Cummings said the mayor has the power of persuasion, and the city administrator has too much power, some of which should be transferred to the mayor.
“When commissioners come to a point where they can’t agree, I think the mayor has power to step in and get involved with the citizens and find out from his own perspective what the citizens are trying to get done, and then move forward with his own effort and own initiatives,” he said.
Obviously, he has no idea of how the mayor and commissioners work. If the mayor moves forward with an initiative they don’t like, they can cut his budget like a former commission did to Bob Young when pushed for ethics reform.
BUSINESS AND INDUSTRY: HOW TO ATTRACT: Myles proposed an advisory council “so we can ask the people what they want, and we can also assess where they want to shop.”
Blocker-Adams said they should put more dollars in the hands of Development Authority of Richmond County Executive Director Walter Sprouse.
“If they had more money, they could be able to do a lot more,” she said.
She also proposed diversifying the economy to make Augusta an entertainment capital, helping small businesses and creating jobs.
How can local government diversify the economy? And does government actually create jobs? Most every commission and mayoral candidate talk about it, but I can’t think of one they’ve created once they get elected, except for the one then-Commissioner Betty Beard had created for Donald D’Antignac. D’Antignac reported directly to Administrator Fred Russell until Russell got fired. Now, nobody seems to know who D’Antignac reports to.
Cummings, who noted that he’d had a semi-pro football team in 1995, proposed creating semi-pro football and basketball teams.
State Sen. Hardie Davis didn’t attend the mayoral candidate forum because the Legislature is in session.
GOVERNMENT AT WORK: Young has been gone from his job at U.S. Housing and Urban Development in Washington since 2009. After five years, he heard from the agency.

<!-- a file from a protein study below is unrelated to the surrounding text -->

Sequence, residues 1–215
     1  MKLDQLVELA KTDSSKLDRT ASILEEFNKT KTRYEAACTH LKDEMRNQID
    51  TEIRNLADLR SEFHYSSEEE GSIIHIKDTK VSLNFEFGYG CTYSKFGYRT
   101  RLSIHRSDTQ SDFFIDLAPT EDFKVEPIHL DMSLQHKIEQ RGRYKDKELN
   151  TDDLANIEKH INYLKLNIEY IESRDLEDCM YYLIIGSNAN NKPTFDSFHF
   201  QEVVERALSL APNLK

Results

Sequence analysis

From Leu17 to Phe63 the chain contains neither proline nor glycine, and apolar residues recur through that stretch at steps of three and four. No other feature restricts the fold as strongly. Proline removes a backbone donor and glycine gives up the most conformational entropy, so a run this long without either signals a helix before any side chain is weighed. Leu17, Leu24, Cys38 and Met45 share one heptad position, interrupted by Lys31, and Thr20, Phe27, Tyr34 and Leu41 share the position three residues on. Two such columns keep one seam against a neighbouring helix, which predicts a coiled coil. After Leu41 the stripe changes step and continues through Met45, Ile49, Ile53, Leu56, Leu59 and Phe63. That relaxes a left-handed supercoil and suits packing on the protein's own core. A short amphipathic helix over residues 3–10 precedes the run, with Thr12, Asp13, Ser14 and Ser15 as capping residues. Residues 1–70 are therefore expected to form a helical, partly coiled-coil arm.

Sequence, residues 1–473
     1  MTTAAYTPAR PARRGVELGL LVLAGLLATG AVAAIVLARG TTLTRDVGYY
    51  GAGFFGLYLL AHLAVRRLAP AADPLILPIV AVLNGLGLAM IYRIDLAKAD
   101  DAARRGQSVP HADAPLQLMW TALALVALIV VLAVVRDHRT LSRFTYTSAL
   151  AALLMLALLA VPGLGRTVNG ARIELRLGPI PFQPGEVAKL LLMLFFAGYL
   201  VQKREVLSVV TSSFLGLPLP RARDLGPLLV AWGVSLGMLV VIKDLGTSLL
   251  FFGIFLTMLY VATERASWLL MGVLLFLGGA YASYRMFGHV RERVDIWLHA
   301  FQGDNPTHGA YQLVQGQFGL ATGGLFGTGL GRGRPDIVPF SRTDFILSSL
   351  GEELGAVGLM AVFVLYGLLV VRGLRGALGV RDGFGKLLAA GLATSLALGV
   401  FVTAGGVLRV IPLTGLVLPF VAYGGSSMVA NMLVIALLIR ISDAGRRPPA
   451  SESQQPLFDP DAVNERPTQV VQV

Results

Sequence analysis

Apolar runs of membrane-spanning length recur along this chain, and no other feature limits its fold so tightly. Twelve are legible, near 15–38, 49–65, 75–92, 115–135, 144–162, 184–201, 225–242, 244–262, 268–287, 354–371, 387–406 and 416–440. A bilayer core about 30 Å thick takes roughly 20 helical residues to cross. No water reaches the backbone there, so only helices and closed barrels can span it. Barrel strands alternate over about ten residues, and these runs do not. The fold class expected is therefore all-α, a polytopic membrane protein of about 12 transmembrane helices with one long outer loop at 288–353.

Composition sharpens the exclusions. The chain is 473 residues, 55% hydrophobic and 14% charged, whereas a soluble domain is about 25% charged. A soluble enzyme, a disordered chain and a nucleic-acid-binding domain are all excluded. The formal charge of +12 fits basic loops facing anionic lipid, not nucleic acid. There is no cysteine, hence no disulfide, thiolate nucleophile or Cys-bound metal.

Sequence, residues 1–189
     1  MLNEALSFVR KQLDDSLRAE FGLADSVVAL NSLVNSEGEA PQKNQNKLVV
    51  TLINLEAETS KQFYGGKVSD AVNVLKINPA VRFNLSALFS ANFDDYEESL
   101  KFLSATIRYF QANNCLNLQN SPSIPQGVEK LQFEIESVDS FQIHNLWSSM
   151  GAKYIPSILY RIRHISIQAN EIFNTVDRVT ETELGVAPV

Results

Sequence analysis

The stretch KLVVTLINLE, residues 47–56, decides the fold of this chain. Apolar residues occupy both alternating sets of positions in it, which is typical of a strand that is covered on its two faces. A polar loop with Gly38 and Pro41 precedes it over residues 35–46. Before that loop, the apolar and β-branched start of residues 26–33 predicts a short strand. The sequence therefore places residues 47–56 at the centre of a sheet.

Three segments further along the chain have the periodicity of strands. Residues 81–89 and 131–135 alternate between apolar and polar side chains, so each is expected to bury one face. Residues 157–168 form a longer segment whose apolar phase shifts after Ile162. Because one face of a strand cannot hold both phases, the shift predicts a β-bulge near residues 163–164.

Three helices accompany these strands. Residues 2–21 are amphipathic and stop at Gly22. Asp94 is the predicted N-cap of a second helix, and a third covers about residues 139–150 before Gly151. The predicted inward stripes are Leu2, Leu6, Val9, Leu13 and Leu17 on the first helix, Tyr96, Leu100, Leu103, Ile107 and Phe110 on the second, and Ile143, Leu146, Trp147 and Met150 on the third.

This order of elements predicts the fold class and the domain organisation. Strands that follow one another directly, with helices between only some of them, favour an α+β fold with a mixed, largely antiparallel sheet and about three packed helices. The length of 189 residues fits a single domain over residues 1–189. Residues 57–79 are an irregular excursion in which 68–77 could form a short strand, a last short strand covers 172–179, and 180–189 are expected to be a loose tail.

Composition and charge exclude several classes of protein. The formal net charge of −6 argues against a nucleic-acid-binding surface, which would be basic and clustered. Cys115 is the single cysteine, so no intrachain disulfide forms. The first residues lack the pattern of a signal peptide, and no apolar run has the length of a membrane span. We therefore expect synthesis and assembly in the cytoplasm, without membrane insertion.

“Maybe they want me back,” he said. “This week they sent me a government credit card. Should I let Gwen use it to contribute to the national debt?”
The letter announcing the arrival of the new tax-exempt government card listed among “an unsurpassed array of services and features” worldwide card acceptance at 34 million merchant locations.
She could do a lot of damage with that.
Maybe the inspector general should take a look at HUD credit cards. The inspector general’s recent sampling of EPA credit cards showed 75 of 80 transactions involved waste, fraud or abuse. In a sample of $152,600 in transactions, $79,254 were prohibited, improper or erroneous.
EVERYBODY RIDES OR GETS TAKEN FOR ONE: Members of the Urban Redevelopment Agency, responsible for issuing a $28.5 million revenue bond to pay for renovations at the Marble Palace, met Friday but weren’t sure Augusta commissioners know that payment on the bonds, about $3 million annually, will have to come from property tax revenues if voters reject the special purpose local option sales tax package. So they took no action on the bonds and scheduled a meeting with commissioners for Tuesday.
Agency appointee Terry Elam, the president of Augusta Technical College, summed up the city’s situation if the tax fails: “To me, that’s just the same as you going to a car dealership, and you do a credit application, and you drive off in a new car. You come back in a week, and they didn’t approve your credit application. And now you’ve got a debt you’ve got to deal with, and the consequences of it.”